Once upon a time, there was a role known as the database administrator. Back when all data was stored locally, these employees were the keepers of the company database, responsible for making sure all information was accessible and tracking things such as financial information and customer details.
Typically, these employees would hold a bachelor’s degree in computer science or similar subjects, while being well-versed in the major database management products (SQL, SAP and Oracle-based database management software).
In 2017, however, the trend of enterprises moving data into the cloud continues to reduce the role of the database administrator (DBA) in big and small businesses alike around the world.
The DBA is typically responsible for tasks such as migrating, troubleshooting, installing, configuring, maintaining and designing a company’s database. For many institutions, it comes down to the DBA being the absolute bottom line in many situations—in layman’s terms, a true life-saver.
However, many companies are seeing more and more potential in moving to the cloud because of some overarching benefits. Working off of a cloud provides many potential benefits for companies, including major cost savings, seamless integration with other tools and products, and can make businesses more competitive in their market. This pay-as-you-go system offers more flexibility and a quick exploitation of database tools, making it particularly appealing to those with limited resources.
Moving to the cloud. What could go wrong?
It all sounds like an idyllic plan, so what could go wrong? A lot. When companies trust third parties to manage their most precious information, thus giving up immediate control of their assets, they create a situation where they cannot quickly respond to issues and access proprietary data on their own. A DBA can scrutinize all data coming in and out of a system.
Typically, the DBA has real-life application and training with a particular database product. The DBA is also expected to stay on top of trends of emerging technologies and new design approaches. Therefore, they can apply their relevant knowledge to real-life situations and make the best judgement call to benefit their employer. This kind of personalization, one that a cloud system administrator can’t apply, builds best possible outcomes for the employees who use the database every single day.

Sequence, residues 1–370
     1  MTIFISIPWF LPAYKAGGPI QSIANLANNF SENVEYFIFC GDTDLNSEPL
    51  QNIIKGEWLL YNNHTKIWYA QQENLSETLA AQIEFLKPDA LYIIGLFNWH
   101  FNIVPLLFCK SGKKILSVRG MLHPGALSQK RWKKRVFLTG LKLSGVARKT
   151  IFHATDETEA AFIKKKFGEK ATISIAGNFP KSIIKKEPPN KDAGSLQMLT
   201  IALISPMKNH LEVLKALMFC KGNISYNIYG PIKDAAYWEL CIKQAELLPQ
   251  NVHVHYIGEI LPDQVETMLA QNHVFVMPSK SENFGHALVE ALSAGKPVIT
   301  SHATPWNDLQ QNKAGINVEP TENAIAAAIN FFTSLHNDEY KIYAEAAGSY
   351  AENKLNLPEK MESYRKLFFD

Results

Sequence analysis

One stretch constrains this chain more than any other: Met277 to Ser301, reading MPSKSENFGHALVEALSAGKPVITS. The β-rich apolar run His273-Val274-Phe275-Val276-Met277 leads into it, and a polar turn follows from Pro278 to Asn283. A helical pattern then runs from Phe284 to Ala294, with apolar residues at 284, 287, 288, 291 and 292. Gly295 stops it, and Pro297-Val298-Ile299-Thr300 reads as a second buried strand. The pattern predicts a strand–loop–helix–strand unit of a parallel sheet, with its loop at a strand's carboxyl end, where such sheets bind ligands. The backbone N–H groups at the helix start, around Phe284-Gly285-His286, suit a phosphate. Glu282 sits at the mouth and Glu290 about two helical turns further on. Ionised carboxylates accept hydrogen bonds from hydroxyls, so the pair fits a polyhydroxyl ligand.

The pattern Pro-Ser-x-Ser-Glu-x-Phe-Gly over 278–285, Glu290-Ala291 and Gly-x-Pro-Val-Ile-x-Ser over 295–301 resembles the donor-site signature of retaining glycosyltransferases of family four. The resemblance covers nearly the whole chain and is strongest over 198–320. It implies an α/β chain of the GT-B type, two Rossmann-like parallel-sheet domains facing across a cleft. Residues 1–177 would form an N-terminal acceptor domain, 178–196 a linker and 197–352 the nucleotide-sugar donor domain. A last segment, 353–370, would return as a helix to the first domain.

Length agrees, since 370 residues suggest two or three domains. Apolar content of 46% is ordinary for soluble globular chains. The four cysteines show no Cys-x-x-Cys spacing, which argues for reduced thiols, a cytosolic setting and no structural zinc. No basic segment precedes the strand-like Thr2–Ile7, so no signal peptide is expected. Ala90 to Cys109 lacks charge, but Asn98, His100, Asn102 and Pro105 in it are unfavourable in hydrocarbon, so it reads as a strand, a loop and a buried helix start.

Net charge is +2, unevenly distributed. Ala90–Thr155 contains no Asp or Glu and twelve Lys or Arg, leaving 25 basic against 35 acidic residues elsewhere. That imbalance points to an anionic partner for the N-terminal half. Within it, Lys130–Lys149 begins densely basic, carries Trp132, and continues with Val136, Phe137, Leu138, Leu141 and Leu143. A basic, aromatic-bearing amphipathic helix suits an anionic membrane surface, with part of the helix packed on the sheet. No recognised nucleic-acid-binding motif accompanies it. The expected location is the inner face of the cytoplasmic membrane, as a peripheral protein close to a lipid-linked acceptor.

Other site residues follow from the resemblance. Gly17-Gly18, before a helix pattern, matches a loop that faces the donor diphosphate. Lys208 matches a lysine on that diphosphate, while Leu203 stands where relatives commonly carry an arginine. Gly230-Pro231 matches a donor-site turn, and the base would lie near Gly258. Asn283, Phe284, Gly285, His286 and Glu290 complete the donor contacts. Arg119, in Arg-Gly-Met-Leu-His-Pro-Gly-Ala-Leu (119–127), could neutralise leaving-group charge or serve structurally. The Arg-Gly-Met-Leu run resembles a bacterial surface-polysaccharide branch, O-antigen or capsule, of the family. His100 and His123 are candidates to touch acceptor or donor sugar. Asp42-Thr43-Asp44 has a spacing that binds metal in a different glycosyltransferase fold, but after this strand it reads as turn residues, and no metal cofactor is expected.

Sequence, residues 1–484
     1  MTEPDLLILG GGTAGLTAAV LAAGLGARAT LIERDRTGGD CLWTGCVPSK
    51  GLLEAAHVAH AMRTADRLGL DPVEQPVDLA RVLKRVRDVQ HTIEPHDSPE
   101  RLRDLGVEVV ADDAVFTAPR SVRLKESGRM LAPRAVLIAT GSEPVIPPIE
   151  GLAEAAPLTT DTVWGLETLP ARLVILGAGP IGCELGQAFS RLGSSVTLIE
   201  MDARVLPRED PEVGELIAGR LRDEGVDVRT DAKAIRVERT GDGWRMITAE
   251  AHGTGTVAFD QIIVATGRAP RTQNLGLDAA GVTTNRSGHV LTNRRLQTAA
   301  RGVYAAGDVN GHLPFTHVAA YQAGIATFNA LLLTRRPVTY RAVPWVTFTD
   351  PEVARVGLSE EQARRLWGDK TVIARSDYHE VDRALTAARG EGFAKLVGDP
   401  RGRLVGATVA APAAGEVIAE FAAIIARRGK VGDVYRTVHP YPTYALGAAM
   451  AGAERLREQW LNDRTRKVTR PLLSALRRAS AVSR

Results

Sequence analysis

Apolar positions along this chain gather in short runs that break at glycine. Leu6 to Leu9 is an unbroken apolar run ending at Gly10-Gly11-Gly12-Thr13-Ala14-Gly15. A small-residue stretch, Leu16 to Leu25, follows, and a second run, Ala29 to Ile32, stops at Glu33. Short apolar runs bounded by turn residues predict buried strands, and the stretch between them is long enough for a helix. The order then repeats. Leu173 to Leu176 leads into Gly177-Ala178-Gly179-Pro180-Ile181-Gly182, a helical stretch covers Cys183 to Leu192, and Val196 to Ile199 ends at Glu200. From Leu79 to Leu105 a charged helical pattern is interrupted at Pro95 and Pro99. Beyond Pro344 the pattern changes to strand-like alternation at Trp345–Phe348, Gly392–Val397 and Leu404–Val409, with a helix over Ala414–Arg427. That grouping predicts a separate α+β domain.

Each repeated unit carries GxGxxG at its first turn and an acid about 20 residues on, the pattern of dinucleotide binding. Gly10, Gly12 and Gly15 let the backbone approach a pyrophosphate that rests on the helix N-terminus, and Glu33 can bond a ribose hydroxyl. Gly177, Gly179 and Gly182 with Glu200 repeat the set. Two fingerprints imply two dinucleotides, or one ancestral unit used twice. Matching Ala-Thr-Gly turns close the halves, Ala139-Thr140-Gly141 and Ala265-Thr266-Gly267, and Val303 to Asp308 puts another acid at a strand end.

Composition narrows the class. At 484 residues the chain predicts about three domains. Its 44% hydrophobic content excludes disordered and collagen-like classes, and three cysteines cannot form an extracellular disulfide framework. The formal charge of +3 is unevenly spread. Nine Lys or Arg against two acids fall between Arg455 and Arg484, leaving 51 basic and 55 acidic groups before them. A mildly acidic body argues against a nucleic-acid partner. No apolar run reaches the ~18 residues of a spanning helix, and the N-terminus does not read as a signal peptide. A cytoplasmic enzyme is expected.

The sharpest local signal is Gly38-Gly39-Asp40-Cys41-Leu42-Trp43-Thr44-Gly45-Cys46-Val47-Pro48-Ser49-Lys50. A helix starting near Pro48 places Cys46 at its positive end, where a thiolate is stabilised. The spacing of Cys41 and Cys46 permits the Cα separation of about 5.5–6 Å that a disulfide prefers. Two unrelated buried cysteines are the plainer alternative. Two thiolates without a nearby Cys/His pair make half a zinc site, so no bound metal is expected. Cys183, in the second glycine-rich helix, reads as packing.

What else can go wrong with cloud outsourcing? A lagging response or no response at all—a problem within an enterprise that can’t be fixed by quickly walking to the other side of the office. More often than not, the customer experience of dealing with a third party “help” line is actually not at all helpful because of the robotic, impersonal and generic responses from unseen phone operators.
It’s up to the key decision makers to make a choice. Adopting cloud technology is very helpful for companies looking to reduce the costs of a large physical data center. For example, data that needs to be accessed from different offices around the world should be put into the cloud to increase mobility.
It’s the highly valuable information, details that cannot be left in the hands of an outsider, that needs to be guarded closely and kept local. A call has to be made to keep the right data easily attainable and in front of the right eyes. It takes only one slip-up, out of sight and in the cloud, to send everything else crashing down.